My stove broke. We had a technician out to check out gas line and he discovered an issue with our gas line and where it connects to our stove. Since we rent, the gas line is our landlords problem (thank goodness!) but the stove is ours so we are on the hook for the expenses to the actual stove. I’m pretty grateful that this was caught because its pretty scary to think that we may have used the stove without realizing there was a gas issue. For now, we can’t use the stove until its resolved and we are not sure how much it will cost yet. A technician is supposed to come tomorrow. Meanwhile, we are stove-less.

 

Luckily we have an Emergency Fund!

This is what the emergency fund is for! This is pretty much the definition of an emergency: we can’t push this off (We need our stove to cook especially since the High Holidays are coming up pretty quickly), we can’t skimp on the repairs and we can’t DIY since the gas company will need a licensed and insured technician to sign off on the appropriate repairs.

Should I have Budgeted for this?

There has been discussion about the importance of an Emergency Fund. Someone on Twitter mentioned that its these types of situations that turn people off from having a fully-funded Emergency Fund as a goal. Its better to have budgeted for this situation in the first place.

I disagree. Fact is, you can’t really budget for every eventuality. If we did have an appliance repair line item in our budget- we would have maxed it out a while ago as for some reason all our appliances are needing major repairs this year. I don’t really see the point in budgeting for so many different eventualities. The amount of money you are putting away is the same- the numbers don’t change just because you have more things to budget for. You have a specific amount of money that needs to be divided up into your budget categories. That specific amount does not get bigger just because your budget items do. If you get bogged down with too many categories and line items and envelopes and funds- that is what gets you discouraged. How can you keep up with that? How can you even keep track?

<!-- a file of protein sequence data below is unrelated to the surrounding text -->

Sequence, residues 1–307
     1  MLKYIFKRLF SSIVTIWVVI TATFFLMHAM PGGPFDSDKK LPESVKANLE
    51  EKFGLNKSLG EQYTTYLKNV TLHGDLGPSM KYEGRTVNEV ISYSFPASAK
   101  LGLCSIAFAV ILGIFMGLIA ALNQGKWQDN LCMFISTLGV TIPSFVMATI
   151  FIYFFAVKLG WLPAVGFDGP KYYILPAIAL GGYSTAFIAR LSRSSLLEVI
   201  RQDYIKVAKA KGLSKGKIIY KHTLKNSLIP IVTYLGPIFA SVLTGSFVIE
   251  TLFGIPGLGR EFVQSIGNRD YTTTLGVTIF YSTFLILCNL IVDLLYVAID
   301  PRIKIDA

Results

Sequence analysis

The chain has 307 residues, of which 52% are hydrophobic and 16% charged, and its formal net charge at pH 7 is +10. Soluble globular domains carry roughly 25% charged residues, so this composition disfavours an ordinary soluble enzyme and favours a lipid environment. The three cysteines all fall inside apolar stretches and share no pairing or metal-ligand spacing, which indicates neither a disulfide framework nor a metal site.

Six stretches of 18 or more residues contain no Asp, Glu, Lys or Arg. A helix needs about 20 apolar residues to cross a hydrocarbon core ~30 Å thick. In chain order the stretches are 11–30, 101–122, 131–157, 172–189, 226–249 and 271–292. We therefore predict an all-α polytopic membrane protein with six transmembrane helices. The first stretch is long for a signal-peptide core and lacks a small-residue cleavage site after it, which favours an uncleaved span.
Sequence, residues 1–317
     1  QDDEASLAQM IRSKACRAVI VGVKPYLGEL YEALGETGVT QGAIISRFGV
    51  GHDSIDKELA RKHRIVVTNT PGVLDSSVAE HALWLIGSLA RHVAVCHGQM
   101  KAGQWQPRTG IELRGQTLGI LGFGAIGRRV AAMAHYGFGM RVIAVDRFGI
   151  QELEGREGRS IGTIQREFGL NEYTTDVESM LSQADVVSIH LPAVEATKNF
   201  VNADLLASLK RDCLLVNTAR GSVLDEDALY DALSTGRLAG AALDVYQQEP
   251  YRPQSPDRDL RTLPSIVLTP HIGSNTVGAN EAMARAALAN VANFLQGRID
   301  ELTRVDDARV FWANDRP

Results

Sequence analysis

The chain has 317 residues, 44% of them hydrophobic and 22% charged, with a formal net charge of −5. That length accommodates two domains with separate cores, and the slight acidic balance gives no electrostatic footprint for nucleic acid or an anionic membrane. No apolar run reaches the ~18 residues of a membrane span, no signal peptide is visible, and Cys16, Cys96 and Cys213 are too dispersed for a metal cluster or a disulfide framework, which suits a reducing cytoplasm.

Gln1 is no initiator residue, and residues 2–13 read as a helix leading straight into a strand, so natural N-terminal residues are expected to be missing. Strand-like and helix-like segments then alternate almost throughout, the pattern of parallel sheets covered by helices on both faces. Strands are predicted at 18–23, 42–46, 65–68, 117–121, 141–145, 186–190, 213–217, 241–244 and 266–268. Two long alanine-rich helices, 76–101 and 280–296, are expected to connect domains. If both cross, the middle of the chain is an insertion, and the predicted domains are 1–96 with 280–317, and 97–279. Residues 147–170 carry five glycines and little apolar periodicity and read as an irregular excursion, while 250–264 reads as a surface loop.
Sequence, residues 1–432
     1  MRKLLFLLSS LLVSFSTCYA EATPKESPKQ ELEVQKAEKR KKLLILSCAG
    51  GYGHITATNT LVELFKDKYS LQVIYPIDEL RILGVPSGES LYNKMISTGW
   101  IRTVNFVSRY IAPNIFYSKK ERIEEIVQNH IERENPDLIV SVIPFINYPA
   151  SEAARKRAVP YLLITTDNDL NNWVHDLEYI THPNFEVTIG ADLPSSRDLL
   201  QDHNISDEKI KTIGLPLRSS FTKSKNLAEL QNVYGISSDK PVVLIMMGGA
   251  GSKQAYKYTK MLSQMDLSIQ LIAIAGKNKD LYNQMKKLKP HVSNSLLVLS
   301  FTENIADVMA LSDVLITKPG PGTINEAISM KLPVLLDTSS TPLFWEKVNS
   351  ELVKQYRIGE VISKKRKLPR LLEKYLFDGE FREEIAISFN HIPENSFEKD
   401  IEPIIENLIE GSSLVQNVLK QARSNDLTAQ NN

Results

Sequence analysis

Introducing the “Life Happens Fund”

You don’t need to call it an emergency fund. You can call it an “Inevitable Fund”. You can call it a “Life Happens” fund. You can call it “All the Things I can’t Budget for because I Am Human” fund. The point is the same: its a fund for things that come up unexpectedly.

How We Do It

Currently, we have two “Emergency Funds”. One is the $1,000 Emergency Fund which I think from now on I am officially renaming the “Life Happens Fund”. We picked that number because Dave Ramsey suggests it and it seemed like a good idea. That fund is in a CapitalOne 360 Savings account. If we can, we put the “life-happening” on a credit card and then pay it off (thereby getting some points as well!) but we also can withdraw the money in cash if we need it. Many technicians offer a discount if you pay in cash so its nice to have that option. Our other “Emergency Fund” is what we are still building. This will hopefully have 6 months living expenses in it. This is in a high-yield savings account (Barclays) and is growing awfully slowly. The reason for the incredibly slow progress is because every time we have to use our “Life Happens Fund” we stop funding the “Emergency Fund” and put our money towards our “Life Happens Fund” until it is a again at $1,000. Then we resume putting money into our “Emergency Fund”. It is a definitely a one step forward, two steps back type of situation. But at least there is movement!

Life Happens

Simplify. Simplify. Simplify.

How do you Budget for Unexpected Expenses?

By creating a “Life Happens” Fund you can save money for all those things you didn’t budget for.

Over complicating budgeting, savings and finances are not really in your best interest unless these types of things fascinate and excite you. Simplification is the key to consistency and successful results. This goes double if you have joint lives or finances with someone else. Chances are, even if you are endlessly fascinated by budgets and line items, the other person in your life is probably not (and if you both are, then this blog is probably not for you). Simplifying, reducing and combining as much of your budgeting and finances into simple, manageable pieces will go a long way to having a successful budget and clear way to financial security.